Maybe it’s my love of Highlander, maybe it’s because I liked him in the Valiant reboot The Valiant (which I have in trade), but I was looking forward to Eternal Warrior more than a number of the other series that I have already written about. The idea of an immortal who has longtime enemies and being able to see him through various periods of time makes for some dynamic storytelling (or maybe I’ve been watching too much Legends of Tomorrow). Anyway, I have issues #11, 12, 13, and 22 of the series and the first three comprise a storyline that involves an enemy who can jump bodies, modern-day Nazis, flashbacks to the Middle Ages, and our titular character being possessed by the villain before ultimately being defeated. Issue #22 involves Master Darque (a villain in the Valiant Universe as a whole) manipulating events because it gets him closer to whatever his endgame is.
The look of the books is slightly better than what I’ve seen in other ’90s Valiant comics, as the coloring and printing methods serves the flashbacks well. I’m not the biggest fan of the Eternal Warrior’s blue one-piece costume, although I guess having a plain-clothed immortal hero would have run too much in the direction of Duncan MacLeod or John Constantine. Still, Kevin Van Hook’s writing on that three-issue story does a pretty good job at getting new readers into the story without requiring that we know what else is going on.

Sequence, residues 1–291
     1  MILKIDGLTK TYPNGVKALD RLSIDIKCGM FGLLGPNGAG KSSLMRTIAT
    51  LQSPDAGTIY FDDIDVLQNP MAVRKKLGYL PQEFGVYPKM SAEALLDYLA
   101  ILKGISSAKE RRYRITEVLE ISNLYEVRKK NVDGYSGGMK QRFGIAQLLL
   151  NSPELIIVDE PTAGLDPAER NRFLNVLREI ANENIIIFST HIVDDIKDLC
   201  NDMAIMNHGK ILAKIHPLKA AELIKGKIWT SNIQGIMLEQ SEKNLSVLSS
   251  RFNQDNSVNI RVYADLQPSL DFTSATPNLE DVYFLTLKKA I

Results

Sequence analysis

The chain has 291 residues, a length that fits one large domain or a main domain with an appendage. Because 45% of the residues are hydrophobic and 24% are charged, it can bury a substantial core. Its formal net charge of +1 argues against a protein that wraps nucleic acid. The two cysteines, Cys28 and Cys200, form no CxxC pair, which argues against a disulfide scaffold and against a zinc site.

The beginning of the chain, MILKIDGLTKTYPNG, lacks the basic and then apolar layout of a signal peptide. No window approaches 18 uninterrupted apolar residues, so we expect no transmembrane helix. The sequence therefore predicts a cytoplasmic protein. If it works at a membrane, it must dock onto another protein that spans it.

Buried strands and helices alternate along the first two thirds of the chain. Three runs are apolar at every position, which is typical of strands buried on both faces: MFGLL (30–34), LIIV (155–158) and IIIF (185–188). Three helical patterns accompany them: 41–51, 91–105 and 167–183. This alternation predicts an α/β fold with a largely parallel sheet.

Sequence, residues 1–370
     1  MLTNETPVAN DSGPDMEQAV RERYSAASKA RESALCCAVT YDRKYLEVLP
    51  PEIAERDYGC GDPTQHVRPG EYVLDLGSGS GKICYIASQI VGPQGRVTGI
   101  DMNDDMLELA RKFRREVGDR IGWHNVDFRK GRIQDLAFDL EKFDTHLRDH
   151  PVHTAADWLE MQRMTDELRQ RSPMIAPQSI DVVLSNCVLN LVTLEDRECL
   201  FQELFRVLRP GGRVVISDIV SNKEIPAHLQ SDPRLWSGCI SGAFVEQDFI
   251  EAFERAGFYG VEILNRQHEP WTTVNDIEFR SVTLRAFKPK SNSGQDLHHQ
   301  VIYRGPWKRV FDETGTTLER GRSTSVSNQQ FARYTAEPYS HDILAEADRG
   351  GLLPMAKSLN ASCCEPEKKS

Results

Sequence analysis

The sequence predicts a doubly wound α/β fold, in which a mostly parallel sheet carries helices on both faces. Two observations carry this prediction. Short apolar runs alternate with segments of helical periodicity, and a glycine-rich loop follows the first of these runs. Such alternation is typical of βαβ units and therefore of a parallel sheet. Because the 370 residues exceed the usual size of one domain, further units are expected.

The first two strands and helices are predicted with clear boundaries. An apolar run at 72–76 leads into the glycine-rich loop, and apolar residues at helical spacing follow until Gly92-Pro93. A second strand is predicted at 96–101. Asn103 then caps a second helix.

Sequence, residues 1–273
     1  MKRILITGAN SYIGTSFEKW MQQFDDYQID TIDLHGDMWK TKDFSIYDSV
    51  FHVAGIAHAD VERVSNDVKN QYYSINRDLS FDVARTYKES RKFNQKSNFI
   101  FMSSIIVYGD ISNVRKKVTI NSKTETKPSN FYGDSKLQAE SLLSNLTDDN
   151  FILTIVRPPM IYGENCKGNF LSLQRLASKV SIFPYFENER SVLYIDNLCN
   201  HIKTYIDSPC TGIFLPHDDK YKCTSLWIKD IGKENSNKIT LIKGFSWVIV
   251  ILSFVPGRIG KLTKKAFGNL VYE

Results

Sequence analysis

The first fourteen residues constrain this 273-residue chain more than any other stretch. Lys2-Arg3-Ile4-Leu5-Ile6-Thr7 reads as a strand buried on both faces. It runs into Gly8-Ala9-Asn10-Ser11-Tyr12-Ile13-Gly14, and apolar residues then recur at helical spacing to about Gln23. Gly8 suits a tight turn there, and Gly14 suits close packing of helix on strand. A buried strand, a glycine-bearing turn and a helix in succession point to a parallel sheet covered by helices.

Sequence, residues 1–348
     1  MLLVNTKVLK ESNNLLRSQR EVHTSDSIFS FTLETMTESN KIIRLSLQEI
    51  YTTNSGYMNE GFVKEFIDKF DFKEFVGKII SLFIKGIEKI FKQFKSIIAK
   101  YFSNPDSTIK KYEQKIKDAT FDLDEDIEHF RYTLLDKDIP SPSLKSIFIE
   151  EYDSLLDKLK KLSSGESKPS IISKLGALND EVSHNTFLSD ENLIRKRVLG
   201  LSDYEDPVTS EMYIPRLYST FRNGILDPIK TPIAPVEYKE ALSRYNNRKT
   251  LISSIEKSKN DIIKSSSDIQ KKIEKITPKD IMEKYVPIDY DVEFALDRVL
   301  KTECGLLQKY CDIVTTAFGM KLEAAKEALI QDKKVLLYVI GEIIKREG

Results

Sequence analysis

It’s funny, because I can’t say the same for all of the other Valiant books of this era. I keep seeing house ads for some of them and can see the appeal of, say, Ninjak, Bloodshot, or Solar: Man of the Atom. But when I see a house ad for Harbinger that tells me something about someone fighting Harada, that doesn’t exactly fill me with excitement. I’m either thinking of Crisis on Infinite Earths or wondering why “Harada” is in big, bold type because it doesn’t conjure up the fear or excitement that comes with Apocalypse or The Joker.
Nevertheless, I think that these old Eternal Warrior comics might be worth a bin dive in the future, perhaps at a convention or when I’ve whittled the unread books down to next to nothing. I like the concept and enjoyed these issues, so hopefully, whatever else I find will be just as fun to read.
Keep, Sell, Donate, or Trash?